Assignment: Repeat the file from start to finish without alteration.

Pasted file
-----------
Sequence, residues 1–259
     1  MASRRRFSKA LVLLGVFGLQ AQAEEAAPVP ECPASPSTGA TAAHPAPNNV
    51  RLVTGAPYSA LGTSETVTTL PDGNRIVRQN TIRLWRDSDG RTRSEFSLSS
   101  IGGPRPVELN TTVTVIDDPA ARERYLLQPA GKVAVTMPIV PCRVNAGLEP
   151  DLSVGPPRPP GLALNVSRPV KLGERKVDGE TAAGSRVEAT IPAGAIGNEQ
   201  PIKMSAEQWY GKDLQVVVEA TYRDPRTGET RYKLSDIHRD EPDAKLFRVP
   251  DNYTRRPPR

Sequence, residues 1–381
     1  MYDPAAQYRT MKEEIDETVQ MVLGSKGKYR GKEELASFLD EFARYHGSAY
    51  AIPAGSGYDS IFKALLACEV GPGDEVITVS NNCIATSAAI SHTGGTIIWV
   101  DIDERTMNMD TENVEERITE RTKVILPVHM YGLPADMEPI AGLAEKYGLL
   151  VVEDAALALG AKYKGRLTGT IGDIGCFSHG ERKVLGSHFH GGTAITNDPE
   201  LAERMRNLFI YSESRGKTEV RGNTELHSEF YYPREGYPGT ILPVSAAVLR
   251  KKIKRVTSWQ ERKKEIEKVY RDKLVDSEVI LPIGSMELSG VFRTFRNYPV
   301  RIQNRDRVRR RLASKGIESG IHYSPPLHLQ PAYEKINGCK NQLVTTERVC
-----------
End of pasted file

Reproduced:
Sequence, residues 1–259
     1  MASRRRFSKA LVLLGVFGLQ AQAEEAAPVP ECPASPSTGA TAAHPAPNNV
    51  RLVTGAPYSA LGTSETVTTL PDGNRIVRQN TIRLWRDSDG RTRSEFSLSS
   101  IGGPRPVELN TTVTVIDDPA ARERYLLQPA GKVAVTMPIV PCRVNAGLEP
   151  DLSVGPPRPP GLALNVSRPV KLGERKVDGE TAAGSRVEAT IPAGAIGNEQ
   201  PIKMSAEQWY GKDLQVVVEA TYRDPRTGET RYKLSDIHRD EPDAKLFRVP
   251  DNYTRRPPR

Sequence, residues 1–381
     1  MYDPAAQYRT MKEEIDETVQ MVLGSKGKYR GKEELASFLD EFARYHGSAY
    51  AIPAGSGYDS IFKALLACEV GPGDEVITVS NNCIATSAAI SHTGGTIIWV
   101  DIDERTMNMD TENVEERITE RTKVILPVHM YGLPADMEPI AGLAEKYGLL
   151  VVEDAALALG AKYKGRLTGT IGDIGCFSHG ERKVLGSHFH GGTAITNDPE
   201  LAERMRNLFI YSESRGKTEV RGNTELHSEF YYPREGYPGT ILPVSAAVLR
   251  KKIKRVTSWQ ERKKEIEKVY RDKLVDSEVI LPIGSMELSG VFRTFRNYPV
   301  RIQNRDRVRR RLASKGIESG IHYSPPLHLQ PAYEKINGCK NQLVTTERVC